• Freudian Excuse: After Erik loses his family, he's in so much grief that he's willing to follow Apocalypse, who convinces him that he's God, and God has granted Magneto a divine purpose.
  • Freudian Slip: While talking to Hank, Charles' subconscious can't hide his lust for Moira when he's supposed to be concerned about an unusual energy surge in Cairo.
    Xavier: I'm going to check her out—check out the situation.
  • Friend in the Black Market: Caliban is a broker who operates behind the Iron Curtain, with Psylocke as his bodyguard. Mystique goes to him for fake IDs for the mutants that she helps.
  • Friendly Enemy: Professor X and Magneto are this during the early part of the movie, according to Simon Kinberg:
    "At the end of the [Days of Future Past], [Magneto] flies away without his helmet, with the implication that he'll go off and continue to be Magneto in some form, but not be able to hide it from Charles, who'll be able to read his mind and track him. There's a truce of some kind between Charles and Magneto, but there's a part of Magneto that will always be the Magneto we know from the comics."
  • Friend to All Living Things: Nina's "friends" are all forest animals.
  • Funny Background Event:
    • When the scantily-clad lady who holds up the "Kampf 11" sign passes by the cage, Angel wolf-whistles at her.
    • After Jean dismisses Scott as an airhead when he's rude to her for reading his mind ("Don't worry, Scott, there's not much to see"), Alex can be seen laughing at her joke.
  • Funny Foreigner: Nightcrawler's culture shock gets milked for some laughs.

    G-L 
  • The Gadfly: After Scott accidentally damages Professor X's most beloved tree on the estate, the latter, strictly speaking, didn't have to say anything about the tree being planted by his grandfather (especially when Charles had already made up his mind that he'll accept Scott as a new student), yet he did so anyway just to provoke a reaction from the teen. Scott doesn't want to be at the school (and thus one would assume that he would prefer to be rejected), yet he becomes extremely apprehensive over the possibility that Xavier is furious at him for ruining a priceless family heirloom. It should be noted that Scott is blindfolded, so he can't see Charles' facial expression to judge the latter's emotional state. Alex most likely informed his brother that Xavier is a very powerful telepath, and warned Scott (who has a tendency to be rude) that he should behave himself in front of the Professor. Scott obviously failed spectacularly in that regard, and Charles then teased the young man by making him wince for a moment.
    Charles: My grandfather planted that tree when he was five years old. I used to swing from the branches of it myself. [tree finishes falling apart] I think that was probably my favourite tree.
    Scott: (worried) Does that mean I'm expelled?
    Charles: (smiles) On the contrary. You're enrolled.
  • Gene Hunting: Quicksilver seeks out his estranged father Magneto, but Peter chooses not to disclose to Erik that they're related.
  • Generic Doomsday Villain: Writer Simon Kinberg has said that they want to avert this trope with Apocalypse's character in the film, according to the interview listed under Apocalypse How.
    Simon Kinberg: So he's not just somebody who's out there destroying the world because he can. What he's doing is—in his mind—justified and validated by a real compelling, coherent philosophy. He tries to proselytize and convert people—maybe some of our most familiar characters—to come to his cause.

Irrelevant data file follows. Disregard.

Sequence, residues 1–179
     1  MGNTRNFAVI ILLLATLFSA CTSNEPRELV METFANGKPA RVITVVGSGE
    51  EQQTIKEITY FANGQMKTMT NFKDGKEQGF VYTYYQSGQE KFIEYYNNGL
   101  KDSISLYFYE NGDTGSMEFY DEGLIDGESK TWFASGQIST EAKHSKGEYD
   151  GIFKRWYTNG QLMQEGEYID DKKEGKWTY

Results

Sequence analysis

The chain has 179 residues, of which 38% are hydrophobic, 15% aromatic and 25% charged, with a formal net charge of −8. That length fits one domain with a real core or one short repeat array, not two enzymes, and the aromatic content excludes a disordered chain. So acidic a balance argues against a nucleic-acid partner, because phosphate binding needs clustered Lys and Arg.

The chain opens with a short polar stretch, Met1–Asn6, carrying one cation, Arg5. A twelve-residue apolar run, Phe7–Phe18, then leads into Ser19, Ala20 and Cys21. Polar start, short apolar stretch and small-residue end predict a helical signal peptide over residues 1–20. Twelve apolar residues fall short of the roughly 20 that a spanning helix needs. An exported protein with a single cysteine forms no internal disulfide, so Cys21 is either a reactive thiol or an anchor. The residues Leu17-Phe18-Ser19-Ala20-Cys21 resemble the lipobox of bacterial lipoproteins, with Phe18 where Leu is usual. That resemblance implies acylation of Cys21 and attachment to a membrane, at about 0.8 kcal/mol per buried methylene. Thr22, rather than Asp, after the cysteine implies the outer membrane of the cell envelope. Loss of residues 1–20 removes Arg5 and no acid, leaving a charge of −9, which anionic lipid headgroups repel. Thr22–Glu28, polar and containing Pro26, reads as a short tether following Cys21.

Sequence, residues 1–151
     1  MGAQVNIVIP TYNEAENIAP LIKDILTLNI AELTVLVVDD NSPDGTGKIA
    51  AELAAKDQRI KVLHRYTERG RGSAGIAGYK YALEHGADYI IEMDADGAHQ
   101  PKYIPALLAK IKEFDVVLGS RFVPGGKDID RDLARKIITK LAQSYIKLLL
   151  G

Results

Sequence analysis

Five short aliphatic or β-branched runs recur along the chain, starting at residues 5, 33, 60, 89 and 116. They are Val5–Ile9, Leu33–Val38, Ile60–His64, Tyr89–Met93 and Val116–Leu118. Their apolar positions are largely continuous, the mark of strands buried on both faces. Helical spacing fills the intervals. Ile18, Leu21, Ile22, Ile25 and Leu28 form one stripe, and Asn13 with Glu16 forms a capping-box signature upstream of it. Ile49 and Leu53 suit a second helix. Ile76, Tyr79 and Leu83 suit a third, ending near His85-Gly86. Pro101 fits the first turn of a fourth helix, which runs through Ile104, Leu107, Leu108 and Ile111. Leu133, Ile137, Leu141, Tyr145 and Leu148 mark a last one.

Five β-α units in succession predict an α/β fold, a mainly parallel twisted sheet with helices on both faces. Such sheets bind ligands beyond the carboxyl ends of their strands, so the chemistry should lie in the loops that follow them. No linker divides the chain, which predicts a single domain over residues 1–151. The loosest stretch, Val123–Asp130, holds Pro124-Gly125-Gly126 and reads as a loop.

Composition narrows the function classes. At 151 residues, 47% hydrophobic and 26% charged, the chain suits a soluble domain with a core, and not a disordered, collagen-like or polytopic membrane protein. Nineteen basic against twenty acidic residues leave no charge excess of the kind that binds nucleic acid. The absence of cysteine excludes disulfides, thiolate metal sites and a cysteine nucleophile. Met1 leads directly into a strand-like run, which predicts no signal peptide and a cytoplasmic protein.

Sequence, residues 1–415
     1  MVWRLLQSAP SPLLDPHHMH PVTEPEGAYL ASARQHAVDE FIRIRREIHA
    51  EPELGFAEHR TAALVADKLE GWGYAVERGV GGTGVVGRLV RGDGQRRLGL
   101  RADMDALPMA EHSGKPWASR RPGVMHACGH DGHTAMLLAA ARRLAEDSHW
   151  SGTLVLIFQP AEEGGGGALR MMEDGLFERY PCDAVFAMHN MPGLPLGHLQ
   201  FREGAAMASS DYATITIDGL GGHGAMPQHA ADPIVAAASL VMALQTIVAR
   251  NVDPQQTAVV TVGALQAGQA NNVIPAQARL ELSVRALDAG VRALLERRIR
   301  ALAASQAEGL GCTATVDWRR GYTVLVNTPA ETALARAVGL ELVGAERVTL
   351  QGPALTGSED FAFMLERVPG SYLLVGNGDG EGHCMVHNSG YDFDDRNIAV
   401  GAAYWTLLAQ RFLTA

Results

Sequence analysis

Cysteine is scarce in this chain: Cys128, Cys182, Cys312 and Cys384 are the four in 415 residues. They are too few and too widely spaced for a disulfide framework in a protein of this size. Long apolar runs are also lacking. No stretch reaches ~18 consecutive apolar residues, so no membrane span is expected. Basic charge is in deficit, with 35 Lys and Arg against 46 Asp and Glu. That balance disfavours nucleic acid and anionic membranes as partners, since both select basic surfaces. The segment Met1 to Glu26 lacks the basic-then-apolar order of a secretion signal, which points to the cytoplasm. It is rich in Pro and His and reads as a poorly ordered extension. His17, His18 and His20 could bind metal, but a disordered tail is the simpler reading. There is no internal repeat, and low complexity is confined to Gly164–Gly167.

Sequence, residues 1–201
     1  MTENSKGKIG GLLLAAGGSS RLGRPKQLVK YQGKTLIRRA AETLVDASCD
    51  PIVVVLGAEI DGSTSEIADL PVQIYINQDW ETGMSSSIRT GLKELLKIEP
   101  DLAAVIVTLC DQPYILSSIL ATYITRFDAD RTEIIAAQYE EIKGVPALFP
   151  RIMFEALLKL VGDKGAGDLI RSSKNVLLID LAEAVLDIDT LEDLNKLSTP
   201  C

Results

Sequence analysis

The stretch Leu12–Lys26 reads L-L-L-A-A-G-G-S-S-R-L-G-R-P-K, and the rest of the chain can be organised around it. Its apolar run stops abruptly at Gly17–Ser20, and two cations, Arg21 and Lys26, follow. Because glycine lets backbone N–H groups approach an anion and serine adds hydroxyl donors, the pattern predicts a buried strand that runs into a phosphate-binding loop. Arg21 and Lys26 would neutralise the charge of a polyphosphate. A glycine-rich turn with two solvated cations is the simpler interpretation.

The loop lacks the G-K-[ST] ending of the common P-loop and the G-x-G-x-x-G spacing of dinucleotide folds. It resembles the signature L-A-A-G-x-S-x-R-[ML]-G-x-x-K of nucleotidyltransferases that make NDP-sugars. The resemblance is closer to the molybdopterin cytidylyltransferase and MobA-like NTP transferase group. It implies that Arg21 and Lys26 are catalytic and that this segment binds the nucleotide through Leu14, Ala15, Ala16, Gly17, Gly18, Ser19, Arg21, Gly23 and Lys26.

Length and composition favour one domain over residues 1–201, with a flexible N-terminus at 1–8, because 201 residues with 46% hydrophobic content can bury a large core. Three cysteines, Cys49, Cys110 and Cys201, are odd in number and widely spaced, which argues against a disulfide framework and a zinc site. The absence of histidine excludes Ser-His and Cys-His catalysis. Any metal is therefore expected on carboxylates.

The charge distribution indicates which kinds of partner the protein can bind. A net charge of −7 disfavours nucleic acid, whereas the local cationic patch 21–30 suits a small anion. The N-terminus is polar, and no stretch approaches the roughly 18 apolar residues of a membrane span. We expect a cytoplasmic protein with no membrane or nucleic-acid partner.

• Girlish Pigtails: Jubilee sports these instead of the Boyish Short Hair she usually wears in the comics and is significantly more girly here.
  • Gladiator Games: Nightcrawler and Angel are introduced fighting in an underground death match.
  • Glass Cannon:
    • Professor X is the second-most powerful mutant (third after Jean accesses her Phoenix Force), and the story even makes a point about how a "god" is incomplete without his psychic ability ("To be everywhere, to be everyone"). But because his telepathy is ineffective against Apocalypse's Psychic Block Defense, Charles is totally defenseless; as a paraplegic, he can't even try to run away from his captor.
    • Quicksilver's Super Speed, which normally gives him a huge advantage over his foes in combat (Apocalypse is flying through the air when Peter is punching him), is nullified after Apocalypse traps his foot in the ground and breaks his leg. In the vicious hands of the god-like mutant, Maximoff is as fragile as a toy.
  • A God Am I: Inverted; En Sabah Nur claims that the various deities worshipped throughout history were just different names for him. Apocalypse is so powerful that Hank essentially acknowledges that the former might as well be a supernatural being ("It's all of us against a god"). Singer clarifies Apocalypse's "divine" status.
    "He's kind of more the God of the Old Testament, the vengeful God who wants the world in a certain order and wants to be worshipped—but he's also forgiving."
  • Go-Getter Girl: Lana Condor views Jubilee as this.
    "She's a really, really, really fun girl. [...] She's very much a student. Like, she knows her subjects and knows her stuff. So for example, if Professor X were to lecture us, I'd be the first one to be like, 'Yo, me, pick me, because I know.' She gets along with everyone."
  • Gonna Need More X: During Xavier's Battle in the Center of the Mind with Apocalypse, the villain says this to the hero when he gains the upper hand.
    Charles: Welcome to my world! You're in my house now!
    Apocalypse: You're gonna need a BIGGER house! [grows 30 feet tall]
  • Good Costume Switch: Storm dons the X-suit after her Heel–Face Turn.